Porgy and Bess
All materials courtesy of New York City Opera
In Catfish Row, Crown and Robbins scuffle during a crap game. Crown kills Robbins and flees, leaving his girlfriend Bess prey to Sportin' Life, a drug pusher, who tries to convince Bess to run away with him to New York. Alone and shunned by all, Bess finds solace in the arms of Porgy, a kind handicapped man.
Porgy, Bess, and the neighbors gather in Serena's home to pray over Robbins' casket. Serena mourns her loss. After being bullied by white policemen, the people collect money for Robbins' burial.
When a buzzard flies over Catfish Row, the superstitious Porgy fears for his new-found happiness with Bess. Sportin' Life pressures Bess again, but Porgy frightens him away. The people make preparations for a picnic on nearby Kittiwah Island. Bess wants to stay behind with Porgy, but he urges her to go and have a good time.
At the picnic, Crown, who has been hiding on the island, approaches Bess when she is alone and urges her to stay with him.
A week later, Bess returns to Porgy, sick and terrified that Crown will come after her. Porgy forgives Bess and promises his protection.
A storm rages. While the women gather in Serena's home to pray for their men, who are out fishing, Crown returns. When Clara discovers that her husband Jake's boat has capsized, she and Crown set out to rescue him.
Clara and Jake have both perished in the storm, but Crown has survived. Injured, he returns for Bess, but Porgy kills him. The police take Porgy away to jail, leaving Bess alone. With empty promises and drugs, Sportin' Life finally convinces Bess to run away with him to New York.
Released for lack of evidence, Porgy returns home. He calls for Bess, in vain. When neighbors report that Bess has gone to New York with Sportin' Life, Porgy sets off for New York to look for her.
George Gershwin (1898 - 1937)
George Gershwin was born on September 26, 1898, the second of four children born to Morris and Rose Gershovitz. His parents emigrated from Russia to New York, where they married. George's older brother Ira was expected to be the musician in the family, but George, who at six years of age listened to a piano roll of Rubinstein's "Melodie in F," was convinced that music was for him. He began playing on the piano his mother had purchased when he was twelve, and in 1912 he began studying with Charles Hambitzer, who was one of the strongest influences on Gershwin. Hambitzer introduced him to the music of Debussy and Ravel, along with the early works of Arnold Schoenberg, and a vast array of other classical piano literature. Gershwin most admired Irving Berlin, among others such as Liszt, Josef Lhevinne, Josef Hoffmann, and composer-pianist Ferrucio Busoni.
Gershwin was more interested in music than intellectual pursuits, and eventually left school at fifteen to join a music publisher for $15.00 a week. While working at the publishing company, Gershwin also kept up with his composing. In 1916, his first published song "When You Want 'Em You Can't Get 'Em" met with little success but in that same year, Sigmund Romberg used another Gershwin song in one of his shows. Gershwin then began publishing music under a pseudonym and eventually left publishing in 1917 to travel the vaudeville circuit as a pianist. He was then hired to write songs for Max Dreyfus, who was the head of the publishing house T.B. Harms. That year, he also toured as an accompanist for Nora Bayes.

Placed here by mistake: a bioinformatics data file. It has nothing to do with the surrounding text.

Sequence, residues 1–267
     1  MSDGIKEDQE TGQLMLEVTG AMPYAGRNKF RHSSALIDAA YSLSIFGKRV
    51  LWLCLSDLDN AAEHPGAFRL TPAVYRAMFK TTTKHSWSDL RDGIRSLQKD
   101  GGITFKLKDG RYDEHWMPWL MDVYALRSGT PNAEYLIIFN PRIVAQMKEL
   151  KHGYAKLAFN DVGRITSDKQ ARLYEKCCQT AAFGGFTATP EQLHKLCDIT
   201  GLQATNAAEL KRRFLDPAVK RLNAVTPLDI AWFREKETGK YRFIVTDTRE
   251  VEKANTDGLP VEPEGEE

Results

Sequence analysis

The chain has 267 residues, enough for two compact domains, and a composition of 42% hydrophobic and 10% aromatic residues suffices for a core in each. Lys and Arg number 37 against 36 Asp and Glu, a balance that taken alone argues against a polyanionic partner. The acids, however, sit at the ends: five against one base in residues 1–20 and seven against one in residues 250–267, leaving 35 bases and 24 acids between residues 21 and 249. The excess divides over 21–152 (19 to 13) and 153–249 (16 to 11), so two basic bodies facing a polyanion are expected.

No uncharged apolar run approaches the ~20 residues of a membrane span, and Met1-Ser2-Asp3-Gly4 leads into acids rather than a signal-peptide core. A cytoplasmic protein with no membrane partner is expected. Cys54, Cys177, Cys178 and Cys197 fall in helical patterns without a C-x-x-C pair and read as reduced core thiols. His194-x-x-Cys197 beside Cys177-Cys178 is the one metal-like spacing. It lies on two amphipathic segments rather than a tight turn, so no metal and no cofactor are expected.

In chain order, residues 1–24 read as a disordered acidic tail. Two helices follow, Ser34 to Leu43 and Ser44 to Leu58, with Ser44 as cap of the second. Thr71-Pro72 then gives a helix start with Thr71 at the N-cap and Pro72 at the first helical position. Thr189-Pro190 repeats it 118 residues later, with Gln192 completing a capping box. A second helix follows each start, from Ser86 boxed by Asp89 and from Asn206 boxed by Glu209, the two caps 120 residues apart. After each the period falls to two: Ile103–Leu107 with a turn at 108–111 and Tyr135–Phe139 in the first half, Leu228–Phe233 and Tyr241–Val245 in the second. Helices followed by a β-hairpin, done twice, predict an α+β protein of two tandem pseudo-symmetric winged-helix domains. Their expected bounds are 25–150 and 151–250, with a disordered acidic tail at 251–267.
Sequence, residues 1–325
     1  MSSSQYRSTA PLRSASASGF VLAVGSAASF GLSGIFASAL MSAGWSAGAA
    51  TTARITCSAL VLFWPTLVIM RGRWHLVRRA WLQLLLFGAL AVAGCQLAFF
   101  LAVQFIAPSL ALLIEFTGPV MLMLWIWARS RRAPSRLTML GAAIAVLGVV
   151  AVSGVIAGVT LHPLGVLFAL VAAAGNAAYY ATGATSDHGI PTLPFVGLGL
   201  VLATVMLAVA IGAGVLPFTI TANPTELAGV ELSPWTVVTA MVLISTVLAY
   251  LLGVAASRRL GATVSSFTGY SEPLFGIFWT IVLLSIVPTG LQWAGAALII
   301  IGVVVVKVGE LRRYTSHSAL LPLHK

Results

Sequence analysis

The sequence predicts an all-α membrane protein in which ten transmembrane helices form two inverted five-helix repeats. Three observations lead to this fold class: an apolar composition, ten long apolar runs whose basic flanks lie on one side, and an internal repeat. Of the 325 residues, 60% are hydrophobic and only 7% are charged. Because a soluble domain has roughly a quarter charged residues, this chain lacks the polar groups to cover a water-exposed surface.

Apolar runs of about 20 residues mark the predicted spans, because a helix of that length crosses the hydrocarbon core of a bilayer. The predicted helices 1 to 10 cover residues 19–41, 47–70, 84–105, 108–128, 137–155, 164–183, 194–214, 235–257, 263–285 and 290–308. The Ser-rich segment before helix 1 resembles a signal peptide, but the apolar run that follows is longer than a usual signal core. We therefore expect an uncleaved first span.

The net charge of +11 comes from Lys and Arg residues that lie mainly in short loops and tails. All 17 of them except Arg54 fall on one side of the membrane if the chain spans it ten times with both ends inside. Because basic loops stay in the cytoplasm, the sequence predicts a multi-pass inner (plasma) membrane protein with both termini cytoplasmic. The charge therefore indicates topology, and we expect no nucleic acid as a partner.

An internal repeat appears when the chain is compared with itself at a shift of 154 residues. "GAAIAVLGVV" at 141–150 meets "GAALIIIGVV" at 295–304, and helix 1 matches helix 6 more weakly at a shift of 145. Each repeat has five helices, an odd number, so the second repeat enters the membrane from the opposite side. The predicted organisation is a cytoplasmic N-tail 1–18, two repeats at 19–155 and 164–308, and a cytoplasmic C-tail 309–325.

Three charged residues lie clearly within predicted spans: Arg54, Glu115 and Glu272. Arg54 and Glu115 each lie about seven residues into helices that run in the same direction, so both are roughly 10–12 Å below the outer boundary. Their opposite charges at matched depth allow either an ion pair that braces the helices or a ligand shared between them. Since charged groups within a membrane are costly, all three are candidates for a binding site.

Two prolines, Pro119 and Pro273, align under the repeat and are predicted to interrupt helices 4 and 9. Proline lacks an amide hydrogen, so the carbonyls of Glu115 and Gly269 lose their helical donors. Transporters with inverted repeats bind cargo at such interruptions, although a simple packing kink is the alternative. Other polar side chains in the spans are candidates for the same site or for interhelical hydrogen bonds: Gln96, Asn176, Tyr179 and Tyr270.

Gershwin's first Broadway show La, La, Lucille, ran for one hundred performances in 1919. Al Jolson heard "Swanee", which he added to his touring show. "Swanee" was a huge hit, sold over two million records its first year, and put Gerswin well on his way to fame and fortune. For the next five years he wrote the music for George White's "Scandals," and, in the 1922 "Scandals," he included a one-act opera called Blue Monday. This opera lasted only a single performance, but it was the first serious music by Gershwin.
Joined by his brother Ira (who was known as a lyricist under the pseudonym, Arthur Francis), Gershwin wrote musicals during the 1920's for such performers as Gertrude Lawrence, W.C. Fields, Bob Hope, Jeanette MacDonald, Ruby Keeler, Jimmy Durante, Fannie Brice, Fred and Adele Astaire, and many other notable figures in the entertainment business. Foolish plots, which served as vehicles for spectacular singing and dancing, characterized most of these musicals, but by 1930 both George and Ira had become interested in using satire instead of spectacle. In 1930 both Strike Up the Band and Girl Crazy were marked successes, the latter in which Ethel Merman introduced, "I Got Rhythm." Also in 1930, Gershwin wrote his first Hollywood film score and made his conducting debut in a Lewisholn Stadium concert of his own work. Of Thee I Sing, which was a political satire by the Gershwin brothers, George S. Kaufman, and Morrie Ryskind, became in 1932 the first musical to win the Pulitzer Prize for drama. This was Gershwin's last big success, despite the fact that he had two musicals premiered in 1933; each ran for less than a hundred performances each. However, by this time Gershwin's interest in serious music had increased and he wanted to write the full-length opera he had been planning for years. Gershwin had also written several serious compositions before 1935, including his opera, Porgy and Bess, which had received mix reviews.
In 1937 he began to experience headaches, dizzy spells, and blackouts. Examinations revealed that there was no apparent cause, but his headaches increased in frequency and severity until July 9. He then collapsed into a coma, and a brain tumor was diagnosed. The White House sent two destroyers to bring one of the country's most prominent brain specialists from his yacht on Chesapeake Bay. By the time the doctor reached Newark Airport on his way to Hollywood, local surgeons had found it necessary to operate and discovered the situation was hopeless. George Gershwin never woke from his coma and died on July 11, 1937, just two months short of his 39th birthday.
Adapted from the biography of George Gershwin by Jane Erb.
The Operatic Gershwin
By Wayne Shirley